pumps to circulate the anti-freeze. These are
  typically called closed loop systems.
   Drainback Collector Systems
• To prevent freezing,
  the collector water
  drains automatically
  when the pump shuts
  off. This is more
  reliable than the
  draindown approach.
         Closed Loop Systems
These systems typically
have anti-freeze
circulating in the collector
loop with a heat exchange
coil in the tank to prevent
mixing of anti-freeze and
water in case of leakage.
This is the most common
choice for a freezing
           Single Tank System
• A single tank system
  typically uses electric
  elements for back up
  heating. The solar hot
  water rises to the top
  of the tank and the
  heating elements only
  go on if the
  temperature is below
  the thermostat setting.
     Evacuated Tube Collectors
Vacuum tubes
reduce heat loss
from the collector.
They are generally
more expensive and
have shorter
lifetimes than other
collector types.
   PV- Driven Solar Hot Water
• Two 4 x 8 ft collectors
  and a small 15 watt PV
• 80 gallon storage tank
  and a small heat
  exchange and DC pump
       PV-Driven DC Pump
The DC pump and
motor sits on top of
the heat exchanger and
circulates an anti-
freeze solution to the
collectors on the roof.
The pump flow is
directly proportional
to the solar energy
             System Diagram
• PV Assisted Solar Hot
• Heat exchanger
  transfers heat from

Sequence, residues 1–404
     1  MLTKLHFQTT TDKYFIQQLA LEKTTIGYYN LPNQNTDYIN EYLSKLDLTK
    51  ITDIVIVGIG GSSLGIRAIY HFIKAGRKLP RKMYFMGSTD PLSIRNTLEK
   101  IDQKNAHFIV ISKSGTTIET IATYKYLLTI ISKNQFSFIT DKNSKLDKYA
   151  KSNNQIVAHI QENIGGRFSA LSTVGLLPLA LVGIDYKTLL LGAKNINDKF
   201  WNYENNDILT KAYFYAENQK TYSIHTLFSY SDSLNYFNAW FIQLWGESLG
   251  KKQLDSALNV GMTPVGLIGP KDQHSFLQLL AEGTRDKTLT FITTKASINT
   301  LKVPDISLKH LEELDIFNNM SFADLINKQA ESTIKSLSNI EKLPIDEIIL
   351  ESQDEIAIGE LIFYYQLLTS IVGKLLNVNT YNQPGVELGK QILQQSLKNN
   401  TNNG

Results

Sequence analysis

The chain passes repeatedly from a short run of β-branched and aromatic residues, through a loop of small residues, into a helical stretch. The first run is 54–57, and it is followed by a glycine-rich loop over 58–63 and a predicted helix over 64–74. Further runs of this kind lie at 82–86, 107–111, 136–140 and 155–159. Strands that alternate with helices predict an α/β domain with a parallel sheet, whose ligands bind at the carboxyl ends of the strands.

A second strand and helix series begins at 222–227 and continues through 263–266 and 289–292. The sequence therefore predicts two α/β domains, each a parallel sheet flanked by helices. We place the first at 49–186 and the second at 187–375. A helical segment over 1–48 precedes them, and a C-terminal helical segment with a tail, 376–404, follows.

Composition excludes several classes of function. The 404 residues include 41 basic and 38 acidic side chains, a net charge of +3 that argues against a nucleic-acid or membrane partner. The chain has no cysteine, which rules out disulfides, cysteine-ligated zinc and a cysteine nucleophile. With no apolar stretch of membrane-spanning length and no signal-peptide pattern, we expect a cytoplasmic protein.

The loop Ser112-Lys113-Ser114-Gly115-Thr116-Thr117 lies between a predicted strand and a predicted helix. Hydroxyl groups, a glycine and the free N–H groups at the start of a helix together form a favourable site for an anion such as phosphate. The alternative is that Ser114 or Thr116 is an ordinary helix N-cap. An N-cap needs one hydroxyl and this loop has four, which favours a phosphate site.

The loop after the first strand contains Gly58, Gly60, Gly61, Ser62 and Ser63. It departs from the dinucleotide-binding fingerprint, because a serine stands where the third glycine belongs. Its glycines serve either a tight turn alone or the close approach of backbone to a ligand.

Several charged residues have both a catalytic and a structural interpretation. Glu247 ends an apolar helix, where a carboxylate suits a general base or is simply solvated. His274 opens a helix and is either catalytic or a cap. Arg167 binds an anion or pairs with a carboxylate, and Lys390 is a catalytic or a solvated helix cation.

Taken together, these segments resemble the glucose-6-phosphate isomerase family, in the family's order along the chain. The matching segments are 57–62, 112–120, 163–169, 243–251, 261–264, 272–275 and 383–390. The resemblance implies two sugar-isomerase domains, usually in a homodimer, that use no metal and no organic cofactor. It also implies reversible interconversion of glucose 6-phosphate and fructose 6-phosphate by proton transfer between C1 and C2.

antifreeze solution to
  solar storage tank by
  Optimal Siting of the Collector
• Optimal positioning
  for a solar hot water
  collector is
• facing due south with
• tilt angle equal to the
  latitude of the site.(40
  degrees for Warwick)
 The sun’s path is
symmetric with
respect to the south
Collector tilt angle
roughly midway
between summer and
winter so you get
decent collection
throughout the year.
    But Non-Optimal Siting OK
• Not highly sensitive to the exact orientation
  and tilt of the collector.
• The collector could tilt between 30 and 50
  degrees, or the orientation could be off from
  south by + or – 30 degrees with little loss (<
  10%) over the year.
• Collectors may also be mounted at an angle
  to the roof, although this is less aesthetically
  pleasing. Ground mounting is ok, too.
    Economics of Solar Hot Water

    The economics of solar hot water will depend on
•   The price of the solar system (and subsidies)
•   The lifetime of the solar system (25 yrs)
•   Maintenance costs
•   The cost of heating the water with auxiliary
•   Projections of increasing costs of energy
   Typical Payback Economics
• Assuming an out of pocket cost of
  $3000 for a system that supplies ¾ of
  the hot water demand of 80 gallons a
  day., oil at $3.00 gal, and water heater
  efficiency of 70%, we have
• Natural gas PT about 7-8 yrs
• Electric PT about 5-6 yrs
Solar Concentrating Collectors
Concentrating solar collectors focus the
sun’s rays on a line (in a parabolic
collector) or to a point (in a spherical
collector). In both cases, the temperature of
the receiver (the metal component enclosing
a fluid) gets very hot. This is not needed for
household use, but is desirable for certain
industry needs and for producing electricity
by running steam turbines.
   Parabolic Trough Collector
The parabolic trough
collector has been
used to produce solar
electricity in many
areas around the
world. The tilt angle
varies throughout the